Many years ago there were those on the left who argued that the working class in the US, Japan and Europe had to be written off politically and that the agency of revolutionary change was now the peasantry in what was then called the Third World.
These people invariably also wrote off the working class in the Third World as a labour aristocracy. Most but not all of the adherents to this position were Maoists of some kind.
With this book we can see that this species of left politics has mutated. The working class in the US, Japan and Europe is still written off.
Instead of the peasantry being the agency of revolutionary change, however, today it is the massive industrial working class in what is now called the Global South. This is a step forward.
As Ness insists, the industrial working class “has not disappeared but has been relocated and reconstituted in the South in larger numbers than ever before”. These workers are fighting back — 2014 saw “a wave of unprecedented mass strikes in strategic industries in China, India and South Africa”.
He chronicles the struggles of car workers employed by Maruti Suzuki in India. Strikes and occupations in 2000-2001 were “reminiscent of the sit-down strikes at Flint in the United States in 1937”. In 2011 there were three major sit-downs at the company’s new plant in Manesar.
He examines the struggle in the mining industry in South Africa, the Marikana massacre and the great strike wave in the platinum industry that “peaked in January 2014” — “a defining moment for the South African labour movement, symbolising the power of rank and file workers”.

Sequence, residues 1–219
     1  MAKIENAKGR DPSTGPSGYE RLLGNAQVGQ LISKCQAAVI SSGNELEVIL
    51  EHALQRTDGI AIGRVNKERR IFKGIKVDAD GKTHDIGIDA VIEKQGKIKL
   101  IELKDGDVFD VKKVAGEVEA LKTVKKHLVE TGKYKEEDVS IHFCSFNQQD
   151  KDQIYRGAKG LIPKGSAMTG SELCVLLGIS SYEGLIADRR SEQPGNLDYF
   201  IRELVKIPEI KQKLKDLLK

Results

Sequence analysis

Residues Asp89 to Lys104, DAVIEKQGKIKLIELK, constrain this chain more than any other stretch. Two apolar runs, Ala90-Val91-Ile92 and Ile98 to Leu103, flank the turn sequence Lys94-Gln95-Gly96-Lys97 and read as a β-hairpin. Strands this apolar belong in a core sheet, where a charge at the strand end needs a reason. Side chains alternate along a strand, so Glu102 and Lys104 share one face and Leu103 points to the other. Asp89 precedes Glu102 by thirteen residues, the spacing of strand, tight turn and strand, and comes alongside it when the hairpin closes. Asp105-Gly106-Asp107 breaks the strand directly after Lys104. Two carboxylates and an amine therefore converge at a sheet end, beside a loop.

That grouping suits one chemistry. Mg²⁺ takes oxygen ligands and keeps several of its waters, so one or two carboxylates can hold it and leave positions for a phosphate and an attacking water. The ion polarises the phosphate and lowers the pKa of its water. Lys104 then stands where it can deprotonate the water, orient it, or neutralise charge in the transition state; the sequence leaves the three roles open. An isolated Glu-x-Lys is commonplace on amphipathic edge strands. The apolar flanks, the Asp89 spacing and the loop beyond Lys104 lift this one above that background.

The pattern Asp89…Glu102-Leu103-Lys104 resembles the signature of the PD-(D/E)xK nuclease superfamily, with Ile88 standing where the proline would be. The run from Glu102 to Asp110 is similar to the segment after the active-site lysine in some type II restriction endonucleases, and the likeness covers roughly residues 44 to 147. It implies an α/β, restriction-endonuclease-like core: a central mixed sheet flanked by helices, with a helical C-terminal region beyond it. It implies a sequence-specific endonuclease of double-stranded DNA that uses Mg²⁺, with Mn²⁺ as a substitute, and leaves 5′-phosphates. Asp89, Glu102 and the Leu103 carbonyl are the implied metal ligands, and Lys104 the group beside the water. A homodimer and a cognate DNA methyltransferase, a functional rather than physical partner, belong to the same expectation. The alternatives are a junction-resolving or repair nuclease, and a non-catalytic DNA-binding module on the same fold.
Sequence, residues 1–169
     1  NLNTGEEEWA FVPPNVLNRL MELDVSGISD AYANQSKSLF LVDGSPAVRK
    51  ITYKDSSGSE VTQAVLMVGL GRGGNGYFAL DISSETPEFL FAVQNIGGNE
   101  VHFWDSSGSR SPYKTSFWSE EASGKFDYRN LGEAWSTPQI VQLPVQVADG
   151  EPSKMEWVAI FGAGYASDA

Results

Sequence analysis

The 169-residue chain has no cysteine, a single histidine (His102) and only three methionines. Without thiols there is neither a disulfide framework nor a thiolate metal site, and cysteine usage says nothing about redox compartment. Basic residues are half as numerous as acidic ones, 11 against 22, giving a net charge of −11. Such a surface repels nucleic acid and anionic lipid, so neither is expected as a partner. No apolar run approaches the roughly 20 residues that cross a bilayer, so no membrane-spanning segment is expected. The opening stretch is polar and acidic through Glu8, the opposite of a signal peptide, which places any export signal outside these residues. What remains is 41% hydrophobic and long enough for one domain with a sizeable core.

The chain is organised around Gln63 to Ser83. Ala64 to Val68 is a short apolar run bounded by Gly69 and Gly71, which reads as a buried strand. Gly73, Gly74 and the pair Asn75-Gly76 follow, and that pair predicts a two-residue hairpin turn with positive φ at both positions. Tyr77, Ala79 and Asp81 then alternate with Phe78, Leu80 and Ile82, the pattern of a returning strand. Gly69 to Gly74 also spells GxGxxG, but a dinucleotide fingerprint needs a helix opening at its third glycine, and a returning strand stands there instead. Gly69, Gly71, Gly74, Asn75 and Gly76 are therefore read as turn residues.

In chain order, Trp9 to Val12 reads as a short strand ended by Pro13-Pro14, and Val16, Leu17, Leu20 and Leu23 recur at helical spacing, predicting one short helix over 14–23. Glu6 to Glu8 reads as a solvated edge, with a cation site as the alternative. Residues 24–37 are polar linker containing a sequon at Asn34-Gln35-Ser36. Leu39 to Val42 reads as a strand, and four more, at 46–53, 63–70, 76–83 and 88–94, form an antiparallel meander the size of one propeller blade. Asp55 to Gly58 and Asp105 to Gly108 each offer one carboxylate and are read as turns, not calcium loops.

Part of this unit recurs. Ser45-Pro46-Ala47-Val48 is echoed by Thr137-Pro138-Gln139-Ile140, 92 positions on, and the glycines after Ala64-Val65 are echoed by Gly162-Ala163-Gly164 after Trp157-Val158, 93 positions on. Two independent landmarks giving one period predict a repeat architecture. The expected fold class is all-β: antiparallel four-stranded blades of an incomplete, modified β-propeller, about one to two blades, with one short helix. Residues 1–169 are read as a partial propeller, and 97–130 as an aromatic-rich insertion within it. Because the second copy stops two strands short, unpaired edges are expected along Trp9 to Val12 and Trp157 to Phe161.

In China he looks at Yue Yuen Industrial Holdings, “the principal manufacturer of shoes for Adidas, Asics, Nike, Reebok, Salomon, Timberland”. In April 2014 some 30,000 workers walked out on strike. Their struggle inspired other Chinese workers into action.
For Ness the way forward is syndicalist organisation along the lines of the Industrial Workers of the World (IWW). This rather ignores the somewhat crucial fact that for all its courage and militancy the IWW was a failure.
It was the very different mass struggles of the 1930s that saw US workers successfully unionise.
And there is an exception to his syndicalist prescription — China. Here, he seriously argues that independent trade unions were not necessary when Mao Zedong was in power because “safeguards were provided by the Communist state”.
Even today Chinese workers “do not necessarily require an independent trade union” because somehow the giant Communist-controlled All China Federation of Trade Unions, with its 258 million members in 2012, can still be of service.
This sort of crass apology for the Communist dictatorship in China is particularly grotesque coming from someone who elsewhere champions rank and file organisation.
There is much for us to learn from workers’ struggles in the South and we urgently need a book that celebrates their militancy. This, however, is not that book.